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Reuters Health Information (2014-01-17): Radiofrequency ablation safer but less effective than surgery for early HCC

Clinical

Radiofrequency ablation safer but less effective than surgery for early HCC

Last Updated: 2014-01-17 15:59:58 -0500 (Reuters Health)

NEW YORK (Reuters Health) - Radiofrequency ablation may be safer than surgery for early hepatocellular carcinoma (HCC), but with more recurrence and poorer long-term survival, according to a meta-analysis.

In the short-term, however, radiofrequency ablation (RFA) was as effective as hepatic resection, the researchers wrote in a PLOS One report online January 3.

The meta-analysis, led by Dr. Yingqiang Wang of the Chinese Cochrane Center at Sichuan University in Chengdu, China, included data from three randomized controlled trials and 25 nonrandomized trials. A total of 11,873 patients with early HCC as defined by the Milan criteria or the UCSF criteria were included, 6,094 of whom received RFA and 5,779 of whom underwent surgery.

Based on data from the randomized trials only, there was no difference in one- and three-year overall survival by treatment. However, five-year overall survival was significantly worse with RFA vs resection (RR, 0.72).

Recurrence rates at three and five years were also higher with RFA vs resection (RR, 1.48 and 1.52, respectively).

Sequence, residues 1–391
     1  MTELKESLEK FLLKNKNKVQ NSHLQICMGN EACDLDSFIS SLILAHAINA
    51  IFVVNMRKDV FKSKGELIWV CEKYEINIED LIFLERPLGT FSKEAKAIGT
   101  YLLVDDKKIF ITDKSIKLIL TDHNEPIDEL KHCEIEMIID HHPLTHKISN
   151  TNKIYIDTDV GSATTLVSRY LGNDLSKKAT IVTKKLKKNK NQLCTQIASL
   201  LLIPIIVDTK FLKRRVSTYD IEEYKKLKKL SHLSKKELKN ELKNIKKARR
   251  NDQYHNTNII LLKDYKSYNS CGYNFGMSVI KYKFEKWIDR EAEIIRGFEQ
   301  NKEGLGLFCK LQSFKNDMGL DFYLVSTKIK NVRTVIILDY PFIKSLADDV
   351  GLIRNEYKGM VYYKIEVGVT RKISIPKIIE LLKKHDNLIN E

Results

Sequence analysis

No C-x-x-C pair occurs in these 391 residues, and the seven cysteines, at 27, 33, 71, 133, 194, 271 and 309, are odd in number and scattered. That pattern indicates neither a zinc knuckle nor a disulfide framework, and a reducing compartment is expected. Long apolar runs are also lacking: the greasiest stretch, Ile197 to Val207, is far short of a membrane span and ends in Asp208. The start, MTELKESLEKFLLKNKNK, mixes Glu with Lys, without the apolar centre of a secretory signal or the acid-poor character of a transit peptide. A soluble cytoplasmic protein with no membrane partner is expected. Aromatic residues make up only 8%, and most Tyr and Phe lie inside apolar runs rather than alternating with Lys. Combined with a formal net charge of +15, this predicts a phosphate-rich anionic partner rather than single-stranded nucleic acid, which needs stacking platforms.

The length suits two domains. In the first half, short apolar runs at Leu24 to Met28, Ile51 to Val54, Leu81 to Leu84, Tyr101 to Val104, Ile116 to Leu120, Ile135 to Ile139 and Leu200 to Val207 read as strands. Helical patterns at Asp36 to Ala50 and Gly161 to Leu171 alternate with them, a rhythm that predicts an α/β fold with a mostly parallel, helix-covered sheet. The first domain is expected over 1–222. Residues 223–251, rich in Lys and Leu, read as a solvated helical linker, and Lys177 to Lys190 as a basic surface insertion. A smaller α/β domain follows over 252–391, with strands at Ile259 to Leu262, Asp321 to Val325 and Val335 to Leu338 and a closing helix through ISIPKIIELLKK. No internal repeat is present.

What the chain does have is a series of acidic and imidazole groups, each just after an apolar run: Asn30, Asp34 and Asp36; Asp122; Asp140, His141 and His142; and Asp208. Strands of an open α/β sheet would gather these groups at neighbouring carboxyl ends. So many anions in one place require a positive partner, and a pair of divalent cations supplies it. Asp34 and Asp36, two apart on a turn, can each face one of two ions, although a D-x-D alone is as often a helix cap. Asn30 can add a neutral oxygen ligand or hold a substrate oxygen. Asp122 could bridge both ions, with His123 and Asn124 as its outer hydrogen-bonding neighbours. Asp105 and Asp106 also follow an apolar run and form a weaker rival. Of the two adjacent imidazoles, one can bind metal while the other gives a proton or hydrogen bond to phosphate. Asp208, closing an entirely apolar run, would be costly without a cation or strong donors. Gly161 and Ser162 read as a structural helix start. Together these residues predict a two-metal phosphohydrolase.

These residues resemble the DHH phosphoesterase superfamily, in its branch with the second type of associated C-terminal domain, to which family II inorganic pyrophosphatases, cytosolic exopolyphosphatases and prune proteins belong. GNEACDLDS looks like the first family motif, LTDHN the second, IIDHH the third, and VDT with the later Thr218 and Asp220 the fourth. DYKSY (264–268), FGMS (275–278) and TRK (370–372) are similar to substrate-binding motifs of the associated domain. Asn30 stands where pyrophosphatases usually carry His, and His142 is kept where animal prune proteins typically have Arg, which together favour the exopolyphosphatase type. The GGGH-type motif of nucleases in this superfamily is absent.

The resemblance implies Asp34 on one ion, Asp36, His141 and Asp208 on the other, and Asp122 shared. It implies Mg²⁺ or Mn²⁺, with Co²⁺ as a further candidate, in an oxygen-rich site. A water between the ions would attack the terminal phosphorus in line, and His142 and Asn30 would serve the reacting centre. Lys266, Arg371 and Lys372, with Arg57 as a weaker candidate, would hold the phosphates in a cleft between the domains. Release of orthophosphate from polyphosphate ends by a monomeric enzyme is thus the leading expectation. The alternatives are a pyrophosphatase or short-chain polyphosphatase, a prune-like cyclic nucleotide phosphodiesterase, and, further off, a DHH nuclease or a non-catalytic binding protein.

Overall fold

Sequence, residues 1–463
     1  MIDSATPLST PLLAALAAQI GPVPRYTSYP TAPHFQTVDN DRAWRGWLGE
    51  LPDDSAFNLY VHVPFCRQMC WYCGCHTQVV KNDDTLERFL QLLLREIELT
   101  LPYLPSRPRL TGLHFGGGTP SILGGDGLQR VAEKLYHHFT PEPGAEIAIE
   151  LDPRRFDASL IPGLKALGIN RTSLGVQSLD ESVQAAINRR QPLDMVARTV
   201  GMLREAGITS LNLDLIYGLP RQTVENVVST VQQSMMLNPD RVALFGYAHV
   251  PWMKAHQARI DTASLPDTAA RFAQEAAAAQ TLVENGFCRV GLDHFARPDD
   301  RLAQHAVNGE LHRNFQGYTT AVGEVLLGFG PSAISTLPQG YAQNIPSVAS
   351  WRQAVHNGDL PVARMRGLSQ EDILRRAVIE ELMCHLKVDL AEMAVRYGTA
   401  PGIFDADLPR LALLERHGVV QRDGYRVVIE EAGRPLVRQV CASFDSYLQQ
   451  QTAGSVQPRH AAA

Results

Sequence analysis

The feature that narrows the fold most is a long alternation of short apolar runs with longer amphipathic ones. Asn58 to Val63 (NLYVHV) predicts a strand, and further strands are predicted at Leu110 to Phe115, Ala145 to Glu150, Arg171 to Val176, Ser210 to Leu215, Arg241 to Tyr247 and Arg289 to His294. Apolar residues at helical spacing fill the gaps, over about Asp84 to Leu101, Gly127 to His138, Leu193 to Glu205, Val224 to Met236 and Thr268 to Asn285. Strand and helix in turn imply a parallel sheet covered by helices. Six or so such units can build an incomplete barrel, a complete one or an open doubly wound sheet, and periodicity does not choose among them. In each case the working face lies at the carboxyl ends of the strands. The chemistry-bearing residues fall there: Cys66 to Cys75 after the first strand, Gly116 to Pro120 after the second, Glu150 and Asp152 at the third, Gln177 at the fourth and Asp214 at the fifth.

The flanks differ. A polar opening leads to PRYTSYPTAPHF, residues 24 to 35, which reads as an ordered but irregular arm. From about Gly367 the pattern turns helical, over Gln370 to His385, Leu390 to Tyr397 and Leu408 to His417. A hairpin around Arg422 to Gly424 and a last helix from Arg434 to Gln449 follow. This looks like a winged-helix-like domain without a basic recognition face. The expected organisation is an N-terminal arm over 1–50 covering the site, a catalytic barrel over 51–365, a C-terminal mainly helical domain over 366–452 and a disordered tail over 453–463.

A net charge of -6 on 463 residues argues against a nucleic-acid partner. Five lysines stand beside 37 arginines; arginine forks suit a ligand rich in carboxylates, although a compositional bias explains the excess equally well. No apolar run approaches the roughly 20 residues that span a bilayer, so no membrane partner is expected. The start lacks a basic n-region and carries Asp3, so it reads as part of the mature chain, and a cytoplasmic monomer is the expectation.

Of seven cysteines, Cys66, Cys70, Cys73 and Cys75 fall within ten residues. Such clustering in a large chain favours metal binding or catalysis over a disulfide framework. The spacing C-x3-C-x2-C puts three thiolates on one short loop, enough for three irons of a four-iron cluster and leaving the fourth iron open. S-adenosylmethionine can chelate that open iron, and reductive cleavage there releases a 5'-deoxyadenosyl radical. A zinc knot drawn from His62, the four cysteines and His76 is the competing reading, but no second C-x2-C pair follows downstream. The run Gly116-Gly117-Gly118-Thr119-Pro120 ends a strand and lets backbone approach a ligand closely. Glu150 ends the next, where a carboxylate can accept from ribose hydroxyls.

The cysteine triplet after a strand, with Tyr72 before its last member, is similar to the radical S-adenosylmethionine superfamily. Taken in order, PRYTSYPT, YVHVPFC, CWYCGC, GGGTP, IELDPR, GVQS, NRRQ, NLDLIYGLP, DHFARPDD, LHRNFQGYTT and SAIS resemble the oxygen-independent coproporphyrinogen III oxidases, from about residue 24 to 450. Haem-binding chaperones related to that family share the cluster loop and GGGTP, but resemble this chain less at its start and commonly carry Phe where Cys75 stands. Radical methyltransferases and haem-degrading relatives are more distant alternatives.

The complication rate with RFA, on the other hand, was significantly lower than with surgery (RR, 0.18).

Data from nonrandomized trials were similar. One-, three-, and five-year overall survival were all worse with RFA, and ablation was also linked with a higher recurrence rate (p<0.05).

The investigators conclude that RFA "is comparable to hepatic resection with lower complication rates but with higher recurrence rates."

They add, "All relevant risk factors that may affect the final outcome of patients should be considered, so as to balance minimizing recurrent HCC after radiofrequency ablation with improving the quality of life of patients."

The authors did not respond to a request for comment.

SOURCE: http://bit.ly/1cjzHaS

PLoS One 2014.

 
 
 
 
                 
 
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